5. Reasonable standards: the store will only demand reasonable standards. As a struggling Mosotho, try taking your products to some of the local shops and you are, at worst, turned away without reason or, at best, given a long list of standards you must meet before they can take your product.
    “In our case, as long as your products are reasonably of good quality, you are in. NUL Innovation Hub is already testing many Basotho products. We won’t ignore quality, but we won’t use it as a way to prevent Basotho products from growing either.”
  6. A cooperative chainstore: From contributing as little as M50 per month, members will use a continuous financing model to ensure that the store doesn’t just end in Maseru but reaches the ten districts of Lesotho.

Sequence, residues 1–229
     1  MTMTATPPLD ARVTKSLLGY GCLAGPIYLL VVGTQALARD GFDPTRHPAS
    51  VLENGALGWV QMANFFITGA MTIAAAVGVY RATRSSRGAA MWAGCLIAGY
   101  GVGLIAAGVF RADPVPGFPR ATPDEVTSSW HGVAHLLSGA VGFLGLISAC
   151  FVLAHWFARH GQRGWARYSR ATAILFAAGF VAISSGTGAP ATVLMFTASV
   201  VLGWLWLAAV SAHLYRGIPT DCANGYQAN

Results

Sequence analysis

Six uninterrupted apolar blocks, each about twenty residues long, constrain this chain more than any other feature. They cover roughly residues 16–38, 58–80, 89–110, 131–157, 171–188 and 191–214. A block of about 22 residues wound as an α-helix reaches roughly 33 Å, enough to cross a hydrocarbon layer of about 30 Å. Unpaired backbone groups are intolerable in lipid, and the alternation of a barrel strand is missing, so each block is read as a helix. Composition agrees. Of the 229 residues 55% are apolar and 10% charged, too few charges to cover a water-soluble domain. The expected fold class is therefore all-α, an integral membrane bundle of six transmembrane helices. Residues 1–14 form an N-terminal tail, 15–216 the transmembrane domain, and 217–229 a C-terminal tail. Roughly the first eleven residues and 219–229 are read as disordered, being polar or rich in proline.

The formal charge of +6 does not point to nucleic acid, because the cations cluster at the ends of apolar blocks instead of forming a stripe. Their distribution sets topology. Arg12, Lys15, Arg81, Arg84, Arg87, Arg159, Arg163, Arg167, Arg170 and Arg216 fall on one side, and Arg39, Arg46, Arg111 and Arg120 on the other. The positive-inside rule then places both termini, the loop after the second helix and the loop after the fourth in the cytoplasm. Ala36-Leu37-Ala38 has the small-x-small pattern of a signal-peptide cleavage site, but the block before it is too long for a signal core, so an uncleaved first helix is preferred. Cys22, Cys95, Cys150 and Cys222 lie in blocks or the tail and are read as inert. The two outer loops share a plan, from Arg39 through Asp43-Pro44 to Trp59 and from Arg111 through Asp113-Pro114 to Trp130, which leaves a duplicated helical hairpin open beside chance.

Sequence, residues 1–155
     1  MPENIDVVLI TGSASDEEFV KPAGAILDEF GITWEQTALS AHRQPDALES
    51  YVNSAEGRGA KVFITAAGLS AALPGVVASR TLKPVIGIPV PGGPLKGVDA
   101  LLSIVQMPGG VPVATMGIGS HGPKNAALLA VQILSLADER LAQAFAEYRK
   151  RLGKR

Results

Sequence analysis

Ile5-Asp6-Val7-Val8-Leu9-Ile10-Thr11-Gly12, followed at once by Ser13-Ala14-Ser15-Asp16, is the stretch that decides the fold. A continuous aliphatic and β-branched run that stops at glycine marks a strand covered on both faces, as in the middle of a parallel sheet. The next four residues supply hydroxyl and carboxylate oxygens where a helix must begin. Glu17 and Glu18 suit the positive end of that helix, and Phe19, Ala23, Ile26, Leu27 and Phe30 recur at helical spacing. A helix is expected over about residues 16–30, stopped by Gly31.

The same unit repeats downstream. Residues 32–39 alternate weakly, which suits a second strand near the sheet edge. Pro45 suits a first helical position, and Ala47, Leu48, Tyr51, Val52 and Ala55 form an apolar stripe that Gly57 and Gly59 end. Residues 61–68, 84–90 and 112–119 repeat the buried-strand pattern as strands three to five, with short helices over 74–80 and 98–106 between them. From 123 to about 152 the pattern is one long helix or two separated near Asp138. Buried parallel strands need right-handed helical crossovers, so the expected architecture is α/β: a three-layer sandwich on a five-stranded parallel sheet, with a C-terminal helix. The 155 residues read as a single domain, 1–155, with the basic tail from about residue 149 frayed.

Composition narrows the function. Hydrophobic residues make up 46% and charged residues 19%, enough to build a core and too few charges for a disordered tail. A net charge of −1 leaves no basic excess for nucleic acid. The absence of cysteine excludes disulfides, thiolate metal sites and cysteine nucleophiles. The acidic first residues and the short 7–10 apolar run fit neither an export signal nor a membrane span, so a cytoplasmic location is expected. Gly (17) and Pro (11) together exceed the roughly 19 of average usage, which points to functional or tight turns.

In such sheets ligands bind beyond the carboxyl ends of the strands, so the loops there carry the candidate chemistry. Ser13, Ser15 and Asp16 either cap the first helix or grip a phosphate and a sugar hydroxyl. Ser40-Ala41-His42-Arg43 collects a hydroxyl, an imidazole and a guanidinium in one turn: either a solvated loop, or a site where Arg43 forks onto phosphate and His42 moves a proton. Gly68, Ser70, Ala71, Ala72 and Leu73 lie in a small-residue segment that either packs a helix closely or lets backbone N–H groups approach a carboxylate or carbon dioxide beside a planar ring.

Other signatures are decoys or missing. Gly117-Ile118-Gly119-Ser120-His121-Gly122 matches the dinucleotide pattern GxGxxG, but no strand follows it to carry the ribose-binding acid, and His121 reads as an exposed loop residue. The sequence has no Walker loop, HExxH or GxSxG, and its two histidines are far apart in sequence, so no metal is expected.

Each branch will start at a medium scale in order to grow along with Basotho products. We won’t ask for investors to come from anywhere, “we will be investors ourselves.”
  7. An export launch pad. “We are often told to export our produce. The obvious question is, if you haven’t convinced your own people to consume your own products, how can you convince people in other lands to do so? Why should they take you seriously?”
    However, the store is not meant to be a local store forever.
    It will be a means by which we export our products to other countries in the future.
    When we export the store to Soweto, we export it along with products from Lesotho.
    Don’t say no because we have seen Chinese shops and Indian shops and, of course, South African shops, filled to the brim with Chinese products and Indian products and South African products in many countries.
    “If they can do it,” Lesiea ended, “so can we.”
    “Because if it is there in some of us, it is there in all of us.”

Own Correspondent